How Do You Celebrate National Roller Coaster Day?
There are many ways to maximize the warm summer days – head to the beach, relax on your porch with some online casino gaming entertainment, do some gardening or organize a picnic with your family and friends. If you’re interested in some real fun and excitement, take an excursion to your nearby amusement park and celebrate National Roller Coaster Day with some pulsating action that is sure to get your heart racing and your adrenalin rushing.
National Roller Coaster Day
Regardless of whether you’re a thrill seeker or you enjoy sedate entertainment you’ll find a connection to history along with 21st century exhilaration at your local roller coaster.
Roller Coaster Day commemorates the first vertical loop roller coaster that was patented in 1898 by Edwin Prescott. Prescott wasn’t the first to introduce the roller coaster though – that is believed to have begun in the 17th century with “Russian Mountains” in which Russians created ice slides in St. Petersburg and then sent wheeled carts or sleds down those slides that they had reinforced with wooden supports. These Katalnaya Gorkas – “sliding mountains" were set up in St. Petersburg. They could go as high as 80 feet and the drop could be as deep as 50 degrees.
The wooden slides were popular among the Russian aristocracy and Catherine II had the sides built next to her palace along with a pavilion where people could drink tea after the slide. In fact, in many languages, roller coasters are still called “Russian Mountains” though the Russian term for roller coaster, ironically, translates as "American mountains."
From Russia the roller coaster immigrated to France via Russian soldiers who occupied Paris after the Napoleonic Wars. An amusement park, the Parc Beaujon, featured “Aerial Strolls” – wheeled cars that were towed to the top of a tower and then released to descend. Other such attractions opened in Paris and then in Copenhagen By the 1850s roller coasters were being built in the United States where they were accessible to working class families though many people found them to be dangerous.
Safer roller coasters started to be built after WWI but during the Depression, demand fell and roller coasters didn’t experience a resurgence of popularity until 1957 when Disneyland introduced the Matterhorn Bobsleds which featured a tubular steel track. As opposed to conventional wooden rails, the steel tracks allowed new designs such as corkscrews, loops and inverting elements.
History of National Roller Coaster Day
National Roller Coaster Day was initiated by LaMarcus Thompson who brought roller coasters to Coney Island in the late 19th century. He sparked American’s love of amusement park rides with his Switchback Railway that traveled 6 miles per hour and spanned 600 feet. The ride quickly because wildly popular and, at 5 cents a ride, bought in an average of $600 per day. Thompson himself became obsessed with roller coasters and continued to design roller coasters in other areas of the country including those that featured painted scenery and dark tunnels.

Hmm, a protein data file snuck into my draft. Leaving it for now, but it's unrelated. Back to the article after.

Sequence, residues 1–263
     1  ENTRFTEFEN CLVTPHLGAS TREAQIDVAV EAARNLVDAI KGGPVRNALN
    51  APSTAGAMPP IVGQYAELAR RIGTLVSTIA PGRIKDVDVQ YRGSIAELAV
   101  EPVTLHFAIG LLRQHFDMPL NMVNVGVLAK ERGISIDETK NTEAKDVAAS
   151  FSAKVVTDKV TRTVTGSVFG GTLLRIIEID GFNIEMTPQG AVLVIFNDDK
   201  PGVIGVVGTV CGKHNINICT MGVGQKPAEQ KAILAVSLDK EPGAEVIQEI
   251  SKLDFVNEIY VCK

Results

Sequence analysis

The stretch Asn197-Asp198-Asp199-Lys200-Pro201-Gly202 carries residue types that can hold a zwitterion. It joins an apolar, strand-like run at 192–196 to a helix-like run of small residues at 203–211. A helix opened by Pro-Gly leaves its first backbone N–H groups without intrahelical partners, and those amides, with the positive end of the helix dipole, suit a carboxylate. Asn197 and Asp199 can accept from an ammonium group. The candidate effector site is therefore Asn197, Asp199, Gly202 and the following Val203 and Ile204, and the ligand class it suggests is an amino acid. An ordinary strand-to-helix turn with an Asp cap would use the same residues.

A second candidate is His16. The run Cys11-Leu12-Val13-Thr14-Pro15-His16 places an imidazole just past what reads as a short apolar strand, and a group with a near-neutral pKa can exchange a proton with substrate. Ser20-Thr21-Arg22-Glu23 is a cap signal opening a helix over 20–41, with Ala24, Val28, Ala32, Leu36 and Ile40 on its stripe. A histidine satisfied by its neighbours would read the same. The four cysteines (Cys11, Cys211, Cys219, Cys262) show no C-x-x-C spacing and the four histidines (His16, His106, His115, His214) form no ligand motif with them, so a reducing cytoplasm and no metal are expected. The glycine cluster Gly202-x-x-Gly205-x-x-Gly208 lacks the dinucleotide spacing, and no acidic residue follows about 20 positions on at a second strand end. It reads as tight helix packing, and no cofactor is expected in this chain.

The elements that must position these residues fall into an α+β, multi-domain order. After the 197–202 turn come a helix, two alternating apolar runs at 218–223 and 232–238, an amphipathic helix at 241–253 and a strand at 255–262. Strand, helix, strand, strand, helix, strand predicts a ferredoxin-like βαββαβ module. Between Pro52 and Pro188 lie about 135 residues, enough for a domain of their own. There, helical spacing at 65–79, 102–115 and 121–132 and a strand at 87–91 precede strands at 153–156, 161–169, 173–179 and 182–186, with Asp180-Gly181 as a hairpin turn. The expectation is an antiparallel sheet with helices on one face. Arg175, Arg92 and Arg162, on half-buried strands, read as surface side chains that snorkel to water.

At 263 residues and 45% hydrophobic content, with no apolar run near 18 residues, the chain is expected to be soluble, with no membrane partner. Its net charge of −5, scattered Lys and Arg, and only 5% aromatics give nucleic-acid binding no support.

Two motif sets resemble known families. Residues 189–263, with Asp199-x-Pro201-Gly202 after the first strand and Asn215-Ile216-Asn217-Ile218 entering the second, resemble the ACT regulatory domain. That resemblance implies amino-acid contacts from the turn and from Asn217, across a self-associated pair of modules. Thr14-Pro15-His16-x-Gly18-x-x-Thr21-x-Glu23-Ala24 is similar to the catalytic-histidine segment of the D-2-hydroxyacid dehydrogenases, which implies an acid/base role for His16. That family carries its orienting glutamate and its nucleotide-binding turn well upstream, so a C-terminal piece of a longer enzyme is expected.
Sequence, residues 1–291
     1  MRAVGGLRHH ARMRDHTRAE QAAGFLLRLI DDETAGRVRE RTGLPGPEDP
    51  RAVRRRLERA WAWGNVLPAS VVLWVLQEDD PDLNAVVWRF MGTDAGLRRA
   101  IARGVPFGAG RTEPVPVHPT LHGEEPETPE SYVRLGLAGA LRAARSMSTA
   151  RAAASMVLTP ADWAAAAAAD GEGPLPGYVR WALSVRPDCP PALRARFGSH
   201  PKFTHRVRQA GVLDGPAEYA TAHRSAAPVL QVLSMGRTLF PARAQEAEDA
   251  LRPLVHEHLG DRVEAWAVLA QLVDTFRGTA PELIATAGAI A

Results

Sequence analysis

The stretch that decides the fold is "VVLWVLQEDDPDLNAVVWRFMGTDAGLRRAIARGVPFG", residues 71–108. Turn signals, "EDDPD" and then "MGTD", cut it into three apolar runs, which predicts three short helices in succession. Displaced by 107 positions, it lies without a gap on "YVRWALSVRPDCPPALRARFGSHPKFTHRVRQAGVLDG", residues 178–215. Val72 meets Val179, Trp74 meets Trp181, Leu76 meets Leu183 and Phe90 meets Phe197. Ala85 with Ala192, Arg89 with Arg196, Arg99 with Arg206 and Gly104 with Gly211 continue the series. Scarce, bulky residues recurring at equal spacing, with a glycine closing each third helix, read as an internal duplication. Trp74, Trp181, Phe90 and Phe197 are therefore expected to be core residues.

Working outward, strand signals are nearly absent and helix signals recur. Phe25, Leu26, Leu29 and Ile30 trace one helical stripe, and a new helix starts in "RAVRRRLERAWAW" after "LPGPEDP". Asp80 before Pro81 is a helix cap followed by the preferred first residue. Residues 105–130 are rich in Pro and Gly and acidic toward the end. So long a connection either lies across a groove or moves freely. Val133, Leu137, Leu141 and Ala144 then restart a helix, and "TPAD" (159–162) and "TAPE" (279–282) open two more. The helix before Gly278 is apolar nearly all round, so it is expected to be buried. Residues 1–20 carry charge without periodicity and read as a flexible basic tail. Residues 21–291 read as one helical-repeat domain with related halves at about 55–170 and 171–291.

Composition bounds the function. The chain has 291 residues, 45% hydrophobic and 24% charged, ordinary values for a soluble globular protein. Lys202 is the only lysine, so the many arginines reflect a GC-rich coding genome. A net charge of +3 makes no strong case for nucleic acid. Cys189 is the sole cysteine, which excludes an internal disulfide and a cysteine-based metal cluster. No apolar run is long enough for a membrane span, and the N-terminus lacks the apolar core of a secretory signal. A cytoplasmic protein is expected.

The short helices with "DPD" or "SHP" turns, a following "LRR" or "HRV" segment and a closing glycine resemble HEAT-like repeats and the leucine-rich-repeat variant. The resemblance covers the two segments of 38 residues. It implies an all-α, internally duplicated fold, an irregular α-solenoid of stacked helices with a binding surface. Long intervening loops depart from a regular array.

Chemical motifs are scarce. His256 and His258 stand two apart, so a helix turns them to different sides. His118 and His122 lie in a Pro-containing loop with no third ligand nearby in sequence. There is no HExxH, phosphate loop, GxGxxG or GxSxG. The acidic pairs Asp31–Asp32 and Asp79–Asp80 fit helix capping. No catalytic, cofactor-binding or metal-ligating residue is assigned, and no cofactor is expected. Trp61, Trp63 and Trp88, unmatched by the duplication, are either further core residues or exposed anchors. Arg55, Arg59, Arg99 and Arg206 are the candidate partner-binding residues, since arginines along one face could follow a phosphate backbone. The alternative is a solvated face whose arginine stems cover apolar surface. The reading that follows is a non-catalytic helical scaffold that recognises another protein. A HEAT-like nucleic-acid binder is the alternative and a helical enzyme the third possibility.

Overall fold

Today amusement parks celebrate National Roller Coaster Day with special discounts and longer opening hours.
Roller Coaster Trivia
Some things that you might not have known about roller coasters:
- The fastest roller coaster in the world is in Abu Dhabi. The Formula Rossa at Abu Dhabi’s Ferrari World travels at 240 kilometers per hour and spans 52 meters high. The tallest roller coaster in America is the Kingda Ka in Six Flags Great Adventure in Jackson New Jersey and launches its cars at 128 miles per hour in 3.5 seconds.
- LaMarcus Thompson, who opened America’s first roller coaster on Coney Island, believed that by offering roller coaster rides he could prevent America’s slide into immorality and hedonism. He thought that the roller coaster would distract Americans from inappropriate behaviors and draw them away from brothels and saloons.
- If you want to experience roller coaster nostalgia, head to Altoona Pennsylvania where the wooden rollercoaster that was built in 1902 is still functioning. It does 10 miles an hour and there are no lapbars, headrests or seatbelts
- Researchers at Disney World in Florida wanted to see if riding the park’s Big Thunder Mountain Railroad roller coaster could help dislodge kidney stones. They tested their hypothesis by riding the roller coaster while wearing a backpack containing a transparent 3D-printed kidney. The 3D kidney had a fake stone inside and the researchers studied how the movements of the ride affected the stone’s movements. They tested it 20 times and found that, as long as the rider was seated towards the back of the roller coaster, the kidney stone would pass.
Best Roller Coasters in the World
The best roller coasters in the world aren’t always the fastest or the tallest. Here are some roller coasters that have been highly rated:
Space Mountain, Disney World and Disney Land, Florida and California
Space Mountain roller coasters are found at both Disney World in Orlando Florida and Disneyland in Anaheim California. They are iconic and their design -- encased white-spire structures that were once futuristic and are now quaint – brings an air of mystery as they are conducted mostly in the dark. At speeds of 27 mph (Florida) and 32 mph (California), they aren’t a popular choice for thrill-seekers. Just good, smooth fun.
Millennium Force, Cedar Point, Sandusky, Ohio
Millenium is the tallest (310 feet) and fastest (93 mph) complete-circuit coaster which towers over the park and the surrounding area.
The New Revolution, Six Flags Magic Mountain, Los Angeles
The New Revolution features a full 360-degree loop, thoroughly unusual and highly sought-after.
Cyclone, Luna Park, Coney Island
The Cyclone at Luna Park on Coney Island was built in 1927 and stands as testament to the fact that older is sometimes better.